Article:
We Stooped a Lake Leschenultia for coffee, tea, and a smoothie.
Jan showed us the pipeline, which we could see running all along the side of the road. C. Y. Conner designed it. He was Irish man who came from New Zealand, but Australia claimed him. Many people ridiculed him because the water did not reach its destination by the time he said it would. He was devastated and actually committed suicide before the pipeline was completed. The pipeline turned out to be an amazing engineering feat built about the turn of the 20th century. It still pumps the water from Mundaring to Kalgoorilie, which is 600 km. The original pipeline actually took the government’s whole year’s budget to build it. The pipeline is still in use today.
We stopped for a few minutes on the banks of the Avon River in town of Northam. By the way, the Russian man who flew around the world in an air balloon took off from Northam, made it around the world, and finally landed back in Northam.
We arrived at Lyn’s house, which is a lovely brick home on her 5,500-acre farm, which produces 3800 acres of hay. They process up to 6 to 7 thousand tons of hay each year. They also have 600 acres running sheep (a little over 100 sheep). The rest is rocky hills and land down along the river, which can’t be cultivated).
Darren took us for a ride around the farm.
How lucky could we have been? There were a couple of kangaroos right on the road in front of us. I was so excited about our first sighing of kangaroo in the wild. Lyn said it was unusual to see them out in the middle of the day. What fun.
They have over $800,000 of investment in equipment, which is only used for hay and over $500,000 of equipment that can be used for other projects.
The hay is sold to Japan to feed cows for the dairy industry. Darren explained why Japan buys hay from Australia, but I am not sure I understood. The Japanese prefer whole milk instead of powdered milk. I am not sure why the Japanese don’t have the hay to feed their cows. He may have said it is because of the climate in Japan. The cows had to be moved from outside to inside for feeding during the colder climates. This process of moving the cows from outside to inside led to lower milk production.
I think it was sometime in the 1980’s that they discovered the benefit of Australian hay for their cows.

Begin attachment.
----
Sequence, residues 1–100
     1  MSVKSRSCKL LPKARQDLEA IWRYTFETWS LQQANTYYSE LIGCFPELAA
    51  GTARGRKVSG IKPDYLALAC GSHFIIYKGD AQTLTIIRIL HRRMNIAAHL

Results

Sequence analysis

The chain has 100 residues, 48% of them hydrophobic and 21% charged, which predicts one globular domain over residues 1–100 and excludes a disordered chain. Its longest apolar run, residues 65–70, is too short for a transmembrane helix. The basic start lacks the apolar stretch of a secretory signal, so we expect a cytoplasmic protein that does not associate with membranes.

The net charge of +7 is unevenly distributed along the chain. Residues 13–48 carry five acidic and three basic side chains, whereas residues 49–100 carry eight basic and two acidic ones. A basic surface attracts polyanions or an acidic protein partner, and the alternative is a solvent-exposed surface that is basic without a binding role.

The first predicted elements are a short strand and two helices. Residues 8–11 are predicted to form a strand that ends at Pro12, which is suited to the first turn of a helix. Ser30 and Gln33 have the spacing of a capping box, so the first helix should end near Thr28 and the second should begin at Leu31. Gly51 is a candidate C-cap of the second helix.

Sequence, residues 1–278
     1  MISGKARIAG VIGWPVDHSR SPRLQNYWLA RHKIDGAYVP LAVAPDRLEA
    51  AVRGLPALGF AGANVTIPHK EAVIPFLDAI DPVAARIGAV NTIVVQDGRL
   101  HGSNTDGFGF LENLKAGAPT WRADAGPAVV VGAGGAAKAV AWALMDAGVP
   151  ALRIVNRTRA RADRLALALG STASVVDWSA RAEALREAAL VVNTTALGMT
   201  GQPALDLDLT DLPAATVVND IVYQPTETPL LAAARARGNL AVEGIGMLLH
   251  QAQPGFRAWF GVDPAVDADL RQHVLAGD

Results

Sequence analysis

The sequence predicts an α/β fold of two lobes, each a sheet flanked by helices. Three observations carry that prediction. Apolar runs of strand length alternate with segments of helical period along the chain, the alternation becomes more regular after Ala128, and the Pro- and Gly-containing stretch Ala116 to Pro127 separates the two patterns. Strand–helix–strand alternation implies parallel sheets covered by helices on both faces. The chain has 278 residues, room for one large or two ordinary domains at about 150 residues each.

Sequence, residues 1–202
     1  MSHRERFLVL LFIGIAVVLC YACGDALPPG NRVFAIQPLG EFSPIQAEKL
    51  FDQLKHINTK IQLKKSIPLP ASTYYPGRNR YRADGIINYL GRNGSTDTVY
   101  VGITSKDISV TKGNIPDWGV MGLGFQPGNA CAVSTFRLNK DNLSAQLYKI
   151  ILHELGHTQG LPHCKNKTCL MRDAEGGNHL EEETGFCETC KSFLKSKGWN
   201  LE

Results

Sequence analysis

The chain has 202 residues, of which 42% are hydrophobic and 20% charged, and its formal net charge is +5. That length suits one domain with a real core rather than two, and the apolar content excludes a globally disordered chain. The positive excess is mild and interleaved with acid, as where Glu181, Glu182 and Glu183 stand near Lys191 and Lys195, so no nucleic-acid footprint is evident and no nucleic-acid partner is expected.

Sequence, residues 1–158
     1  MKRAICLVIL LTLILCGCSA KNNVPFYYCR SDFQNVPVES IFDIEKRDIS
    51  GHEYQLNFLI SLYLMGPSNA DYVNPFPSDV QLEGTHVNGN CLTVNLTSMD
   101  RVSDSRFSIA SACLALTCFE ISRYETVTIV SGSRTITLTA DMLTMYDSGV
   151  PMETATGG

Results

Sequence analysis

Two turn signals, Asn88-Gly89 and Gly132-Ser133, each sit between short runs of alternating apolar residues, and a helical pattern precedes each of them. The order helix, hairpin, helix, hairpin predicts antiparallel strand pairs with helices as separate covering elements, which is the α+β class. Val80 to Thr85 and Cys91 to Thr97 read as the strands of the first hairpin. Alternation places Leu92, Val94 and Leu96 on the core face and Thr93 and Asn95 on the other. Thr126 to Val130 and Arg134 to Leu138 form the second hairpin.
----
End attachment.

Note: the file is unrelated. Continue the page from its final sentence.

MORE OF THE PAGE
Jan, Lyn, and I took a walk down by the Southern Brook. First we collected some wood for the fireplace.
We walked along the brook for while.
The water contains salt because the original vegetation had been cleared in the past. The plants (trees and bushes) would have used the water and because they are not there anymore, the underground water level has risen. Therefore, they need to keep the lambs away from the brook because the salt water would kill them.
Lyn took me on a tour of the farm equipment. I climbed up into the Gleaner.
These are Canola seeds used to make Canola Oil. They may be saving these to re-seed.
Lynn also explained some of the sheep shearing process and showed me the equipment. The sheep shearing is done in April. I wish we could have seen that.
On the way back to the house we took a short cut and climbed over the fence.
I saw a few of these adorable Willy Wag Tails. They actually wiggle their tales.
Lyn’s son (Darren), daughter-in-law (Lesley), and a young man from Denmark (Thomas) who works on the farm joined us for dinner. Her grandson Dylan also came over for a while. I had an absolutely delightful time with them.
It was a wonderful, interesting, fun-filled day.
Day 2 at the farm and going back to Perth:
After breakfast we drove over to Darren’s and Lesley’s House. On the way we watched them cutting the hay.
We had another lovely visit with Darren and Lesley. While we were there, the debates between Donald Trump and Hillary Clinton was being broadcast on their TV. Rose and I have been so glad to not be in the U.S. at this time, but we did watch some of the debate. Disgusting!!
Darren showed us his vinyl record collection and played part of an old Bob Dylan album for me.
We took different roads back to Perth. We stopped in Goomalling. There were some dome silos there. They seem to be made from fiberglass.